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      Angiotensin II and the fibroproliferative response to acute lung injury.

      American Journal of Physiology - Lung Cellular and Molecular Physiology

      Acute Disease, Angiotensin II, metabolism, Angiotensin-Converting Enzyme Inhibitors, pharmacology, Antibiotics, Antineoplastic, Antihypertensive Agents, Bleomycin, Cell Division, physiology, Cells, Cultured, Collagen, Fibroblasts, cytology, drug effects, Humans, Losartan, Lung, Peptidyl-Dipeptidase A, Procollagen, Pulmonary Fibrosis, chemically induced, Ramipril, Renin-Angiotensin System, Transforming Growth Factor beta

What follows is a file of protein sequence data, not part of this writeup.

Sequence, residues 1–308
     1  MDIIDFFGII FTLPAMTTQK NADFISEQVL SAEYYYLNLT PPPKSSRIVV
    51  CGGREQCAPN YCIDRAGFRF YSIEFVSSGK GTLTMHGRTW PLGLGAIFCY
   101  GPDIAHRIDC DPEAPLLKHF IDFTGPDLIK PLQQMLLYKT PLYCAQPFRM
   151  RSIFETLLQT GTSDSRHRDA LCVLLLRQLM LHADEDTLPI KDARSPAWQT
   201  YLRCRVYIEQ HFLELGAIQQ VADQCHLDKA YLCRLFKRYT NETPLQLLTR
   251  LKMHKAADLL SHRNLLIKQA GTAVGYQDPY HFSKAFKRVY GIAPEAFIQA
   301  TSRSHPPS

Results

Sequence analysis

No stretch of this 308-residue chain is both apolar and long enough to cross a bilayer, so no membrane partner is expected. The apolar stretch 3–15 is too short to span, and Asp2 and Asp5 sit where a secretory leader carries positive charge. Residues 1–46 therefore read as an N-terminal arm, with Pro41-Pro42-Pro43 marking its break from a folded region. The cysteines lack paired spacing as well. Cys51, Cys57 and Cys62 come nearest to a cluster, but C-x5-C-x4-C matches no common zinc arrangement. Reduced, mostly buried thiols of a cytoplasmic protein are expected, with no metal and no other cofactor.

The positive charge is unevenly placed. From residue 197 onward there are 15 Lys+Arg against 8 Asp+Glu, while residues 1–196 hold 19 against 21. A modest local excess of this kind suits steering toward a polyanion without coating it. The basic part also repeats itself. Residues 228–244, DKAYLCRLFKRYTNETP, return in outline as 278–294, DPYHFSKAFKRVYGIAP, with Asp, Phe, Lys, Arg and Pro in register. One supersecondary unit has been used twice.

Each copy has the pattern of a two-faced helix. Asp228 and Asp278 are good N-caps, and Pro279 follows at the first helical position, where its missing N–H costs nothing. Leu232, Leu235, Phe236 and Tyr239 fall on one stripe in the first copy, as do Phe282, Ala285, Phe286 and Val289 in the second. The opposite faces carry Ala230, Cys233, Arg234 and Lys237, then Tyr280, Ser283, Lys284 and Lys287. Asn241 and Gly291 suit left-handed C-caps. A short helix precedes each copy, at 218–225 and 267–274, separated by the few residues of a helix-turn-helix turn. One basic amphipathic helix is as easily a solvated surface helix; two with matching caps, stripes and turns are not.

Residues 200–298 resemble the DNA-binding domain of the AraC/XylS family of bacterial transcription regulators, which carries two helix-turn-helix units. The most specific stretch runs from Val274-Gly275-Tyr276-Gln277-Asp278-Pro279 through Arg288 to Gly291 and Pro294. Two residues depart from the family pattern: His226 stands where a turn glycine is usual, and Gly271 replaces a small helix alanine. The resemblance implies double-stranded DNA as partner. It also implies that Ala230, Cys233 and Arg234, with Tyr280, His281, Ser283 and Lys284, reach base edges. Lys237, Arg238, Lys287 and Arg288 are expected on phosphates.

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          Angiotensin II (ANG II), generated by activation of local renin-angiotensin systems, is believed to play an important role in tissue repair and remodeling, in part via transforming growth factor-beta (TGF-beta). Angiotensin-converting enzyme (ACE) inhibitors have been shown to abrogate experimental lung injury via a number of potential mechanisms; however, the potentially fibroproliferative role for ANG II in the lung has not been characterized. We hypothesized that, after lung injury, ANG II would stimulate fibroblast procollagen synthesis and promote lung collagen deposition in rats. In vitro, ANG II was a potent inducer of procollagen production in human lung fibroblasts via activation of the type 1 receptor and, at least in part, via the autocrine action of TGF-beta. After bleomycin-induced lung injury, an increase in lung ANG II concentration was observed by day 3 that preceded increases in lung collagen and was maintained until death at day 21. Administration of an ACE inhibitor (ramipril) reduced ACE activity, ANG II concentration, TGF-beta expression, and collagen deposition. Losartan (an ANG II type 1 receptor antagonist) also attenuated the increase in TGF-beta expression and lung collagen deposition. These observations suggest that ANG II, possibly generated locally within the lung, may play an important role in the fibrotic response to acute lung injury, at least in part via the action of TGF-beta. ACE inhibitors and receptor antagonists, already widely used clinically, should be assessed as potential new therapies for fibrotic lung disease.

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